There are about 7 billion people currently living on the Earth. Each and every single one of us has a different perspective regarding anyone and anything. Do you know why? Because everyone has slightly different past experiences and the way we see the world is determined by our memories. Without them, we don’t have a basis to compare to and without a basis to compare, we are lost. We don’t know how to feel. We perceive through association. We associate based on something already experienced.
I distinguish two types of intuition – inherent and acquired. Inherent is the one you were born with and it is the end product of hundreds of thousands of years of evolution aka trying to survive in the fields. We are wired to seek instant gratification without a deeper thought about the future consequences, we are loss averse and stubborn.
While the inherent (core) intuition is the pre-installed software, each and everyone of us is born with, the acquired intuition is the upgrade we get through life as it is based on everything we experienced. Your brain remembers everything, even if you don’t realize it. Of course you can easily recall only the most vivid memories as depending on your everyday activity the brain has prioritized what is important and what is not.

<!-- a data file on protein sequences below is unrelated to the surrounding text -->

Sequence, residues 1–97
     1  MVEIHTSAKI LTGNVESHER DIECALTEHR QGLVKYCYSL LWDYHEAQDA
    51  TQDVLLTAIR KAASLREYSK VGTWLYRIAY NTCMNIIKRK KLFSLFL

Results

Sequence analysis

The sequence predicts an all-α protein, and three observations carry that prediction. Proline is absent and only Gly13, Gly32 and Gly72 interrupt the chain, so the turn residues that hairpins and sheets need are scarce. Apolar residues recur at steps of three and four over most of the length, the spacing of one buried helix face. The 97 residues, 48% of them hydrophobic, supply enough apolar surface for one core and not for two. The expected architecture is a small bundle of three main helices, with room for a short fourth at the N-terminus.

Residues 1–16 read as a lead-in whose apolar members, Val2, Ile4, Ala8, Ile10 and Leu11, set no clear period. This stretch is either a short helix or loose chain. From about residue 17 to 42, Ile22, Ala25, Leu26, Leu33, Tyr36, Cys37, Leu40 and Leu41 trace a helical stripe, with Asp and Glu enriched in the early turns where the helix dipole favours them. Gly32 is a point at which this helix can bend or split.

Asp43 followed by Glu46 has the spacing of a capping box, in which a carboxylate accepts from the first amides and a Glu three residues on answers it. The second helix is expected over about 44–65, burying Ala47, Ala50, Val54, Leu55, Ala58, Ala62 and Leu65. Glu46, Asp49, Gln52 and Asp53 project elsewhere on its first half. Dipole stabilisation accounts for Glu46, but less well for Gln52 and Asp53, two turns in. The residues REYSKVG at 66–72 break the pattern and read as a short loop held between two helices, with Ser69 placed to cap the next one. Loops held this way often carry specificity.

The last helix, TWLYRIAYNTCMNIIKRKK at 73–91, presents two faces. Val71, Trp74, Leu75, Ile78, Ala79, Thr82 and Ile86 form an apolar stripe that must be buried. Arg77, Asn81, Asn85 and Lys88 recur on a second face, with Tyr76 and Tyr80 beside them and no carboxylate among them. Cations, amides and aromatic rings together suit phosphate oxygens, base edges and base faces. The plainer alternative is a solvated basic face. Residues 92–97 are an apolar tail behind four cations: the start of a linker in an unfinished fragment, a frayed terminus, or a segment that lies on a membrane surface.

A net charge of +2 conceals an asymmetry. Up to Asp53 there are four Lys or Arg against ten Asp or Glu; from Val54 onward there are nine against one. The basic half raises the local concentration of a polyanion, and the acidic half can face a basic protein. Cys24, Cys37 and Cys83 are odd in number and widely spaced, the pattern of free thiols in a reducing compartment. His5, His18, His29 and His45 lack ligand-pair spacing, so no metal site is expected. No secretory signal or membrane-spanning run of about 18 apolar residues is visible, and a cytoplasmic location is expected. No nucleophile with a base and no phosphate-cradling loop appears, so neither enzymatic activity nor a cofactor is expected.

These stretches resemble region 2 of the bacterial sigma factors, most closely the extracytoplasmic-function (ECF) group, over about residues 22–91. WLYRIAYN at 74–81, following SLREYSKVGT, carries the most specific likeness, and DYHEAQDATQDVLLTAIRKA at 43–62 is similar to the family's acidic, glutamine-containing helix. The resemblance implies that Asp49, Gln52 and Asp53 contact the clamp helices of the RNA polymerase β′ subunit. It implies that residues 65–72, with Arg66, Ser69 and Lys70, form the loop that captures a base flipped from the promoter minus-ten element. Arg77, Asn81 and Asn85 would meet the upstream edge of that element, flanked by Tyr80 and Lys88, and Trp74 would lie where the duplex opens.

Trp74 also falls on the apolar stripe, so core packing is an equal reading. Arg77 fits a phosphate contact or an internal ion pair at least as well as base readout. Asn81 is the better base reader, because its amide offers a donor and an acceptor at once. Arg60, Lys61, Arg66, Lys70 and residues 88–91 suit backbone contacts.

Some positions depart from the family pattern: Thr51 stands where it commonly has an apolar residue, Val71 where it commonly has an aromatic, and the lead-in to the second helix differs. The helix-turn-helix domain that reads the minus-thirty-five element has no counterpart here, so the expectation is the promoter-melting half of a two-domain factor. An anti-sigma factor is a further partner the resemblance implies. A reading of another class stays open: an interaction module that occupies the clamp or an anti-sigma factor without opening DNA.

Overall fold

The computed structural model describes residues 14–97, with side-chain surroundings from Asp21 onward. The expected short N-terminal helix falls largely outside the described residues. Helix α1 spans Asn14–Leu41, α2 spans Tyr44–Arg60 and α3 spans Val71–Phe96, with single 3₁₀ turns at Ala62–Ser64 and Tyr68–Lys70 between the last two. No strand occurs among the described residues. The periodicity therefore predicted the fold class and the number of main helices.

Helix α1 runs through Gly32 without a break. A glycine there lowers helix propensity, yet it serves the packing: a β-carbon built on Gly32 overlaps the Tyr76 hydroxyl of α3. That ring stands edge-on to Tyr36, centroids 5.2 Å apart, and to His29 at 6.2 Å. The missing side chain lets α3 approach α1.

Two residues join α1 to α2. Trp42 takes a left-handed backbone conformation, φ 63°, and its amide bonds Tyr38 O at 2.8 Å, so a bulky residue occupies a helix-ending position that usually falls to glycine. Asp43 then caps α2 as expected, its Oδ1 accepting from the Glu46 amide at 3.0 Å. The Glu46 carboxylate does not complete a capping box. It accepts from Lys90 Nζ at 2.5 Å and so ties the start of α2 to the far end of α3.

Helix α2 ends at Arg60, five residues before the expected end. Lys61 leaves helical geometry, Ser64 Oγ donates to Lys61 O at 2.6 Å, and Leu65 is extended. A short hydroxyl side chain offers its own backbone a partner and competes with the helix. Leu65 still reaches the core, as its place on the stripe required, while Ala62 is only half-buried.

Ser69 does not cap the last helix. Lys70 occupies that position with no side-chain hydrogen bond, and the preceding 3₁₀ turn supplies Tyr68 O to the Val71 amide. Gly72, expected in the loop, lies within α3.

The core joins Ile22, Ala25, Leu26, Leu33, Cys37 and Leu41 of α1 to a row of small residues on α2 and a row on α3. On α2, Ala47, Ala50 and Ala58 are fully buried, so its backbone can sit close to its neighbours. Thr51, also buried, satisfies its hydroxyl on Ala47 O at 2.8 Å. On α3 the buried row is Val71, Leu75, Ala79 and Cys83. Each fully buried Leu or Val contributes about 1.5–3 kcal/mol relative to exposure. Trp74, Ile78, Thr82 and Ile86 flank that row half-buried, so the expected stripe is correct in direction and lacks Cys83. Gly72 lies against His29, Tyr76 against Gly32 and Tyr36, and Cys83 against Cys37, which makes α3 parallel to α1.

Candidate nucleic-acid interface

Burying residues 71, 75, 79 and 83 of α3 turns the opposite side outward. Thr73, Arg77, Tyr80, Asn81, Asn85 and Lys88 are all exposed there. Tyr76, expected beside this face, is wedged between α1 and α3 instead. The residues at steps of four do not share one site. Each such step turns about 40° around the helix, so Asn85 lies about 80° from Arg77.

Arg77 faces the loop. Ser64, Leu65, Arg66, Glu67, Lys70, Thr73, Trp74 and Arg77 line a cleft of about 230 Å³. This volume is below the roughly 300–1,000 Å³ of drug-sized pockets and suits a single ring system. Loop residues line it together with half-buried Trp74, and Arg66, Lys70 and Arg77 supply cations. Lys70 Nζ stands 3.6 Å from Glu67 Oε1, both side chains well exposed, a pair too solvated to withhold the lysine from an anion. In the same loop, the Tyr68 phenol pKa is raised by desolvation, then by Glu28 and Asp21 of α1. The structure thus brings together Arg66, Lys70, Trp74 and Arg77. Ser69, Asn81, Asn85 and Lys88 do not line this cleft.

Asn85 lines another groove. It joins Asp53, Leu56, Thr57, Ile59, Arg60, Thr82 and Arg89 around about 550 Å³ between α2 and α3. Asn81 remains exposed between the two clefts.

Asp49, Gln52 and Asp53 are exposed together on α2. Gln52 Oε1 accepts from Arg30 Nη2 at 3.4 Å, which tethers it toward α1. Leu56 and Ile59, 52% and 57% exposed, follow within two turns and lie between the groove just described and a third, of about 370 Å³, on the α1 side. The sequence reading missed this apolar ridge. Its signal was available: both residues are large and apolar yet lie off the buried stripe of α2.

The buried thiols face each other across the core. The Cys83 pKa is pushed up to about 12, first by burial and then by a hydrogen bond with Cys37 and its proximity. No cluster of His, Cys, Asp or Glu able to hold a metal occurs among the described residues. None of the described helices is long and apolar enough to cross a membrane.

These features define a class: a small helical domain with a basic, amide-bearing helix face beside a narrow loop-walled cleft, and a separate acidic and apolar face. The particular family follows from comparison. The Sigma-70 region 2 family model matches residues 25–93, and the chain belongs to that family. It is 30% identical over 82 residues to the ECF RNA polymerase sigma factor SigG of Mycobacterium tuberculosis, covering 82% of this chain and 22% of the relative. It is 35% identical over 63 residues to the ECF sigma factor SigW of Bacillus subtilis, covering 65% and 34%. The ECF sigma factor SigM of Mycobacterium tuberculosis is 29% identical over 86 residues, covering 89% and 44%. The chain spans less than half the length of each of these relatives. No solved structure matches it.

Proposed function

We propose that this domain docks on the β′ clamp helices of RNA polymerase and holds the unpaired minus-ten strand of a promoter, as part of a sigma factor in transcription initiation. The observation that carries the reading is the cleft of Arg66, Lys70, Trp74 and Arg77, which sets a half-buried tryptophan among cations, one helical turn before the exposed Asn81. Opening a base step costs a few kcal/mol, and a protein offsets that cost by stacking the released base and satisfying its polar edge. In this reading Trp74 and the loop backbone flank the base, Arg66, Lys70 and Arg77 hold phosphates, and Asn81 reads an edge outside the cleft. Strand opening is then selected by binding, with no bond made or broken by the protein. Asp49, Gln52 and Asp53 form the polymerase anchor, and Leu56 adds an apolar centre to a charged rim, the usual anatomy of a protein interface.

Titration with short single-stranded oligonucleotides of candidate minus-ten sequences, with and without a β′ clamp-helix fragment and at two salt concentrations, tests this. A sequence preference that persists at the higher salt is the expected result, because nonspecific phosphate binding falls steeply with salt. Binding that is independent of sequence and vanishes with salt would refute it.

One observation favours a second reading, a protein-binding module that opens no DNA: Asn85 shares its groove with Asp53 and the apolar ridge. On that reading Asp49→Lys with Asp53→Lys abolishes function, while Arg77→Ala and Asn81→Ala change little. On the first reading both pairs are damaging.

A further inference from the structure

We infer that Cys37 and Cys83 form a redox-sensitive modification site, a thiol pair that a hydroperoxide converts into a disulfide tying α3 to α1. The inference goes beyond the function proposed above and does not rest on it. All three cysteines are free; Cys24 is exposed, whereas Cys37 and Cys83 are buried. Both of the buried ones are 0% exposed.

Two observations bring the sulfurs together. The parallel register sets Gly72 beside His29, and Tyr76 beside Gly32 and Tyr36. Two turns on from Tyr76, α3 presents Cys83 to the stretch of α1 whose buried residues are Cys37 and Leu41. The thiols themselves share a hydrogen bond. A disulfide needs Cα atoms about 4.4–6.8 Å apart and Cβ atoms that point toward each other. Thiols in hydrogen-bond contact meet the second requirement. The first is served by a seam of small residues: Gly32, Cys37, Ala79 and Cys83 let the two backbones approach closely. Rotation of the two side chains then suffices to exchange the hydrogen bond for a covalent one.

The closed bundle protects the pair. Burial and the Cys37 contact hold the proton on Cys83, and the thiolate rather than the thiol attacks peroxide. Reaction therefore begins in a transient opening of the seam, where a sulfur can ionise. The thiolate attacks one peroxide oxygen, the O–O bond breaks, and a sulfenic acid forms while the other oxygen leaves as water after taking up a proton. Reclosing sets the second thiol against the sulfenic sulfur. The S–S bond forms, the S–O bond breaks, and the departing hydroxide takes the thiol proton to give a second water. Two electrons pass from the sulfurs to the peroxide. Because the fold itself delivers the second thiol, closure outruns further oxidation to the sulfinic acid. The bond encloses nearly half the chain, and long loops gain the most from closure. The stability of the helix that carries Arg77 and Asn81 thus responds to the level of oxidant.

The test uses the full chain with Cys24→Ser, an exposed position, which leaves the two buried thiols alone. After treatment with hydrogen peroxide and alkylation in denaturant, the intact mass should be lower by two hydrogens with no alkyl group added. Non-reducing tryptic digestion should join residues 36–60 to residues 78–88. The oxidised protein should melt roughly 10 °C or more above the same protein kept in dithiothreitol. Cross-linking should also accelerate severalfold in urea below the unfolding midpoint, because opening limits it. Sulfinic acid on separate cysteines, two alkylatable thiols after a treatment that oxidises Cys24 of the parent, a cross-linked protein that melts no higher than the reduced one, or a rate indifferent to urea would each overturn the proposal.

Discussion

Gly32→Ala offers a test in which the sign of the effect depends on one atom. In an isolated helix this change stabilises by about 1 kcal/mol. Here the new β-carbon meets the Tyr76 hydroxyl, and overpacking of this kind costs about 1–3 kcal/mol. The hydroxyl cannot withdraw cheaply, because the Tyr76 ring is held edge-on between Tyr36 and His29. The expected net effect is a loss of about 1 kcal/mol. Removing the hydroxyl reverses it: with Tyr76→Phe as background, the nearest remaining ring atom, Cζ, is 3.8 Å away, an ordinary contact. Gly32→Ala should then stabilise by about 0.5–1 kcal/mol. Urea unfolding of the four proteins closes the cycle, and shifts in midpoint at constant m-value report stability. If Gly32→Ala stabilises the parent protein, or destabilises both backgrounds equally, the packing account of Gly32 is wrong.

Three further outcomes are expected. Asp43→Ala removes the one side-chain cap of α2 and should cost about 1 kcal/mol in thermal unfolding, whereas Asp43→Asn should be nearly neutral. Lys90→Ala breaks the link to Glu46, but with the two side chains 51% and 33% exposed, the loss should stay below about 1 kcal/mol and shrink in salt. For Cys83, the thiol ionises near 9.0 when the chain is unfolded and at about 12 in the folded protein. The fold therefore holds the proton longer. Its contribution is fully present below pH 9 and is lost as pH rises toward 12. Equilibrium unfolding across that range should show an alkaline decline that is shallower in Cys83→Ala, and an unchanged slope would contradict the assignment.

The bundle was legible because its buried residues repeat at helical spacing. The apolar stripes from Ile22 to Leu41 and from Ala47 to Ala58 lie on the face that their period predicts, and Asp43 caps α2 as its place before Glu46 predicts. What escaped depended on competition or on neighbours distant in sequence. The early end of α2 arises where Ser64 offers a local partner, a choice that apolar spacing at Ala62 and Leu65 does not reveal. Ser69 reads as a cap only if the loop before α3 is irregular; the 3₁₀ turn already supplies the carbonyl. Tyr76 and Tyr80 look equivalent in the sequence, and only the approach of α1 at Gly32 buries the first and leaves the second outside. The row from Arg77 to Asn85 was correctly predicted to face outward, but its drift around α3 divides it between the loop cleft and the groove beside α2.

When it comes to trading or investing, there is a reason you like some patterns more than others. The question is, should you trust your intuition? The contrarian school of thought in the market teaches that you should try to fade your intuition as it usually points you in the wrong direction. This is not always the case. If you have enough experience, your intuition is your biggest edge as it recognizes combinations of patterns and factors invisible for the normal eye.
Which has stronger influence on your decision making – your hereditary intuition or your acquired intuition? For fields you don’t have enough experience with, you hereditary intuition is likely to prevail and in the many cases it will urge you to take not the most efficient step.
All of us are naturally wired to think in terms of mean reversion. This is how the nature works – everything is balanced, everything is cyclical. We tend to project the linear relationships from the physical world unto the non-linear financial world. I have had my fair share of wrong moves in the capital markets and over time I realized that mean reversion does not work for me. My experiences conditioned me to see danger or more precisely – better alternatives, where other people see opportunity. Don’t get me wrong. I am not saying that mean reversion way of thinking is wrong. There is an exorbitant number of living examples of people that have figured out how to be immensely profitable using it. I have accepted that it is not for me and decided to specilize in trend following. You just have to find what works for you. Most people find that the hard way.